Close study of fashions in medieval manuscripts is key to understanding interactions of literature and dress

Book of illuminations show various fashions that shed light on literary styles

The 15th-century Story of Two Lovers by Aeneas Silvius Piccolomini Courtesy of the J. Paul Getty Museum, Ms. 68, fol. 8

This beautifully produced book is a reprint of the hardback published in 2011 and as such will serve a wider readership among those who want better to understand illuminated manuscripts. Fashion history is now acknowledged to be a crucial instrument for the interpretation of paintings and other works of art. Margaret Scott provides the keys to unlocking the open secrets of medieval dress in illuminations—how to spot everyday clothing, national costumes (this French illumination, around 1460-70, of the 15th-century best-seller tale, The Story of Two Lovers by Aeneas Silvius Piccolomini, shows the buttock-revealing tunic of the man at the right—restricted by a 1463 English law to the upper classes); court, academic, ecclesiastical and peasant dress; medieval notions of biblical and classical dress—and the implications for the manuscripts first readers.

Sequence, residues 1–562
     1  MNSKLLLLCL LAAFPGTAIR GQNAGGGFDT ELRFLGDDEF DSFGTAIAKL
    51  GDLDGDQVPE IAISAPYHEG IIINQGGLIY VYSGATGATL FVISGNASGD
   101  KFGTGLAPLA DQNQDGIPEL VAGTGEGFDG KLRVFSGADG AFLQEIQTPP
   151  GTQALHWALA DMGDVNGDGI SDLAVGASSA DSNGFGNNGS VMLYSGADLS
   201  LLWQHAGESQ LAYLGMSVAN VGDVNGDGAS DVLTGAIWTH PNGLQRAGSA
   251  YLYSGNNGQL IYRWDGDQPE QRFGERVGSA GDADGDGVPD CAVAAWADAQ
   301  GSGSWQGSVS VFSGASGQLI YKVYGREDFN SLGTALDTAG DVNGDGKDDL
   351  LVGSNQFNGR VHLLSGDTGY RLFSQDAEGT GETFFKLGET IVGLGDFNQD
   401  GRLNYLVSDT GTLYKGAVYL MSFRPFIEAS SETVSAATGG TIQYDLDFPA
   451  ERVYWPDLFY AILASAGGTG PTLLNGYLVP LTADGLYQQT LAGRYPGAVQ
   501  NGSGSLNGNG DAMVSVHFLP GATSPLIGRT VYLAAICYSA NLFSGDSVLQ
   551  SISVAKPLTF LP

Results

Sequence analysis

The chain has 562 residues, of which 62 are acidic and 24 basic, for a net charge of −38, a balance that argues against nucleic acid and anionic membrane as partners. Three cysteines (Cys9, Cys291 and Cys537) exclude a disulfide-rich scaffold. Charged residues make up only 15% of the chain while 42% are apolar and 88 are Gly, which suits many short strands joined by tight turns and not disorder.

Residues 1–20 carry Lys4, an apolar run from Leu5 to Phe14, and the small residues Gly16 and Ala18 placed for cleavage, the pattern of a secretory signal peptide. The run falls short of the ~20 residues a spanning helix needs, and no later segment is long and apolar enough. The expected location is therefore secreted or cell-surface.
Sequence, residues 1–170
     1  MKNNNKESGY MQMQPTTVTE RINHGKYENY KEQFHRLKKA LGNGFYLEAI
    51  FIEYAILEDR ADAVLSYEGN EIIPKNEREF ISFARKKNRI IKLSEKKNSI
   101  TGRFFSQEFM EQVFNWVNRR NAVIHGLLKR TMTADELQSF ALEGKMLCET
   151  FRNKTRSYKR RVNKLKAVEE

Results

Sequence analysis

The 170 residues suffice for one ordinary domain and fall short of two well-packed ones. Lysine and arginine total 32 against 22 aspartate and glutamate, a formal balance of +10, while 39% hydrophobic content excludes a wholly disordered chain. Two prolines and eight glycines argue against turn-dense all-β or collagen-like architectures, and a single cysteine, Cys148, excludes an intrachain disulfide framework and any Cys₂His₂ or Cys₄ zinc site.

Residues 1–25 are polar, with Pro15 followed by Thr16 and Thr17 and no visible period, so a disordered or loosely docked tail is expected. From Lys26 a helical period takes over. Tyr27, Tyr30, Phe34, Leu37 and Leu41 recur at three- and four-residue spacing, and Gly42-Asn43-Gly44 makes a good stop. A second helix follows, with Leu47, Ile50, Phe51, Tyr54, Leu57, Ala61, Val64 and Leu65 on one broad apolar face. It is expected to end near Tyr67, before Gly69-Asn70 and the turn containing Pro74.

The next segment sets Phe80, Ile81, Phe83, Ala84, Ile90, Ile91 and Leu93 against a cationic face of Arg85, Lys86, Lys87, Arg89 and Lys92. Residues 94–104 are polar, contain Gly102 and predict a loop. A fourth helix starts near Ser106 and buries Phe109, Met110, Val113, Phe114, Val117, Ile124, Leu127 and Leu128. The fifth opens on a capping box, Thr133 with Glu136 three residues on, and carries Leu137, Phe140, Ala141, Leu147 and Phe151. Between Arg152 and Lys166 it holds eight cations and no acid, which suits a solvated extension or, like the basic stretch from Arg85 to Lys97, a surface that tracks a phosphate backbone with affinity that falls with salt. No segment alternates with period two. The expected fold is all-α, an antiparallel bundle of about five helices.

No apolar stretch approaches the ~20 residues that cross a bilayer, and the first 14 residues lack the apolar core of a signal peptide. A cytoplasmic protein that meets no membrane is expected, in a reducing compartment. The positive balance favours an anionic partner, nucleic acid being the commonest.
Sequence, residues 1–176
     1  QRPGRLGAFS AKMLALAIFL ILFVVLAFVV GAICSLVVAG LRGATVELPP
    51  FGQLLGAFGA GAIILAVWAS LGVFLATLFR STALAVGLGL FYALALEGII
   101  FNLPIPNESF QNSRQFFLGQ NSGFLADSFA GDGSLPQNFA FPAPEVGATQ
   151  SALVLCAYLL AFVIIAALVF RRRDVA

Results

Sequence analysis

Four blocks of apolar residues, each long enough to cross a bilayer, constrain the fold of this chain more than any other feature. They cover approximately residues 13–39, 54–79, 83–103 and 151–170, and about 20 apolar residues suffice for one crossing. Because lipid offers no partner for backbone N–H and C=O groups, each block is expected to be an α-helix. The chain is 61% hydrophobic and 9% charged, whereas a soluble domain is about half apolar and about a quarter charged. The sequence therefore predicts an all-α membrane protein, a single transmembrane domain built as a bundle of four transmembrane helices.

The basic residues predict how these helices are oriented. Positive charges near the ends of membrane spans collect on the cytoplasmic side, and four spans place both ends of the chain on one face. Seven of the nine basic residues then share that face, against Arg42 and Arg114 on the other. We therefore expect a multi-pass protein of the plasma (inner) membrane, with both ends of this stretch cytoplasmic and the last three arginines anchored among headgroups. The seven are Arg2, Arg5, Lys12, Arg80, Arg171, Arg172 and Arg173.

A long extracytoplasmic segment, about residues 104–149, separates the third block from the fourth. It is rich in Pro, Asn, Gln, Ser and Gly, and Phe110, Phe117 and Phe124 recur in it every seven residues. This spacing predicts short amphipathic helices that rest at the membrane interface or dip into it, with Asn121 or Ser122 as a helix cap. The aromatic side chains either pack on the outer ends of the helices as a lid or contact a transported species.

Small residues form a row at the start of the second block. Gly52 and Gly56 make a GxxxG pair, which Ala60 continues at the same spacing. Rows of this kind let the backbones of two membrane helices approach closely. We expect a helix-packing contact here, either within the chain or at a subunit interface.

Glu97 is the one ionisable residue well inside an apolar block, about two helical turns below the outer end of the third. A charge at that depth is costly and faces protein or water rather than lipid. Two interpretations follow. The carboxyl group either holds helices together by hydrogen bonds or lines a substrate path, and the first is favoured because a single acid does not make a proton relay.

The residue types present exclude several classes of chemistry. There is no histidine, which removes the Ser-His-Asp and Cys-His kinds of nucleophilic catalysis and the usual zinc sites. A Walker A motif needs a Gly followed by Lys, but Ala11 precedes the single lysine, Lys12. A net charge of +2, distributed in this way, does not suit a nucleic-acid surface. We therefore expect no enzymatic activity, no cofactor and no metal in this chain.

• Margaret Scott, Fashion in the Middle Ages, The J. Paul Getty Museum, 120pp, $17.95 (pb)